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Polish Oblates in Canada (1896-1956)

Towards the end of the nineteenth century Archbishop Adelard Langevin OMI of St. Boniface sent distinguished missionary, Fr. Albert Lacombe, to Europe to seek out priests who spoke the various languages of the many new immigrants who were settling in Canada from Central and Eastern Europe. The Canadian Oblates saw the need to provide pastoral care for people in their native languages. In 1896, the first Polish Oblate, Brother Antoni Kowalczyk, arrived in Alberta. After many years of humble service and a saintly life, he died in 1947 – a true saint, in popular opinion. Others followed and continued the task of evangelization, beginning with Western Canada.

 

The Kulawy Fathers – pioneering pastors in the Polish community

 

In 1897, the Superior General of the Missionary Oblates promised Bishop Adelard Langevin OMI two Polish Oblates who were just finishing theological studies in Ottawa. They were two brothers: Jan and Wojciech Kulawy. Immediately after their ordination, they traveled to Winnipeg, where Fr. Wojciech Kulawy was named pastor of the Poles, Slovaks, Ukrainians and Germans in the St. Boniface archdiocese, which stretched from Winnipeg to the Rocky Mountains. In one of his first voyages along the train route from Calgary westward, Fr. Kulawy stopped at several towns that had grown along the railroad: Cochrane, Canmore, Anthracete and Banff. He arrived in British Columbia and preached retreats at Fernie for the local Poles, Slovaks and Ukrainians.

Fathers Jan and Wojciech Kulawy concentrated their efforts in Winnipeg and gave thought about forming a multicultural parish there. In 1899, both Fathers organized a Eucharistic procession with the participation of then-Archbishop Langevin OMI. At that time, the Archbishop presented a plan to create a new parish for the German and Slovak communities. On August 20 of that same year, the cornerstone of what would become Holy Ghost parish was blessed. Archbishop Langevin OMI wrote in one of his letters that the Polish priests could be characterized by a pastoral zeal of the highest quality. Fr. Jan Kulawy OMI was named pastor of the new parish.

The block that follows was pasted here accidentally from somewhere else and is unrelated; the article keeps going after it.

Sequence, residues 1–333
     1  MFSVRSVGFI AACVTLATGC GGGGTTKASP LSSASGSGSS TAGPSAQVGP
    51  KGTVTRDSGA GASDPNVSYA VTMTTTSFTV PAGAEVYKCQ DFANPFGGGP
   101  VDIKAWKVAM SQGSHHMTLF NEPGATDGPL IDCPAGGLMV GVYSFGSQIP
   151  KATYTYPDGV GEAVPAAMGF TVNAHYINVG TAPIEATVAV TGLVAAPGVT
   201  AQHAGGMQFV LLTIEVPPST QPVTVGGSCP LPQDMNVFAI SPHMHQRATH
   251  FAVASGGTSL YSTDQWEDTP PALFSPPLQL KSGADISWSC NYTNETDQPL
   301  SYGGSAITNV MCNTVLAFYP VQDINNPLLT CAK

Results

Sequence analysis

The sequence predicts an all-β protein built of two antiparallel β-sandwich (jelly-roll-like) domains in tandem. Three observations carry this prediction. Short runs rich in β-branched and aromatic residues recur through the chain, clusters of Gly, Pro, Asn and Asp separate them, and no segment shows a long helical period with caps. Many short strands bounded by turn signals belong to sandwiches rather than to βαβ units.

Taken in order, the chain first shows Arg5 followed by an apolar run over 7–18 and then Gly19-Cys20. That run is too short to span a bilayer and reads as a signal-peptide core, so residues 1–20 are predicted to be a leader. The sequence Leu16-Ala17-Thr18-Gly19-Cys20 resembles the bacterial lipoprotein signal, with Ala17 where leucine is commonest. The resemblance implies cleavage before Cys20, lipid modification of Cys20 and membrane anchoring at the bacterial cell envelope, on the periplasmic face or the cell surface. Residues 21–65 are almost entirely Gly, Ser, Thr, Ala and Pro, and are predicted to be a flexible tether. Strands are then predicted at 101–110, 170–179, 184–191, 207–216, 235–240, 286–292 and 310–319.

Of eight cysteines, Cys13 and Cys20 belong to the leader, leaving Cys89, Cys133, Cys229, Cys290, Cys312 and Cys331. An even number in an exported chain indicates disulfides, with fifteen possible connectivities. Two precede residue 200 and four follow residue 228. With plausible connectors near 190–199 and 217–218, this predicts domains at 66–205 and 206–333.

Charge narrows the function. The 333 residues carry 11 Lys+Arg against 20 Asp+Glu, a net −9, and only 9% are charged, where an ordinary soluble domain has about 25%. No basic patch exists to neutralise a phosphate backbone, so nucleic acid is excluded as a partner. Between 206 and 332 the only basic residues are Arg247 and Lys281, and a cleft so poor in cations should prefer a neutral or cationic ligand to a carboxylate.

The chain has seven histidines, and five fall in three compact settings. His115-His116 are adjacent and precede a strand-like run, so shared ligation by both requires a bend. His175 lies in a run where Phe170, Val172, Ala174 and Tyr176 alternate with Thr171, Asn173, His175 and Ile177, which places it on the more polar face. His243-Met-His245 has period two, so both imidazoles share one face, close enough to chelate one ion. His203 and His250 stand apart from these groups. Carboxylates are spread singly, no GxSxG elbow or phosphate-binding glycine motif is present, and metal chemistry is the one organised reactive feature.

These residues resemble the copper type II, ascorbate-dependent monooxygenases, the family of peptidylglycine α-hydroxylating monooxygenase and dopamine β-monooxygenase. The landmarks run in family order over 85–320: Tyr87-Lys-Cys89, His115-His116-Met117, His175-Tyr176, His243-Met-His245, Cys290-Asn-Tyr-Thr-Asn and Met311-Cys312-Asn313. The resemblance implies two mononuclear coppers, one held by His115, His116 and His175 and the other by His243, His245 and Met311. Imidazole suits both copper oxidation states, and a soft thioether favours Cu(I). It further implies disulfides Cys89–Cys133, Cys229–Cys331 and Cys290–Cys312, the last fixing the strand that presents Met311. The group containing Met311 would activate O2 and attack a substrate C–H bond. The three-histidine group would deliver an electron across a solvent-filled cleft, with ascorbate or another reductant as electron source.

In 1901, Fr. Karol Gretchel OMI and Fr. August Forner OMI joined the Kulawy brothers in pastoral service. Together with Fr. Wojciech Kulawy, they visited Polish settlements throughout Manitoba.

Holy Ghost parish in Winnipeg developed ever more actively and soon became a centre of Polish life there. It should be noted that from the very beginning there was a Polish school at Holy Ghost parish. The Polish-language weekly, “Canadian Voice”, had been published at the parish since 1904. The publication was costly both in terms of finances and personal commitment, so it was discontinued for a certain period of time. However, in 1908, it was re-issued with the name “Gazeta Katolicka” (Catholic Gazette) and, later, “Gazeta Polska” (Polish Gazette). In 1951, the undertaking merged with the National Polish League and the publication now became known as “Glos Polski” (Polish Voice), which to this day is published in Toronto. In 1903, Fr. Pawel Kulawy – the third of the Kulawy brothers – arrived in Canada. He travelled to Alberta, where he worked until his return to Poland in 1921.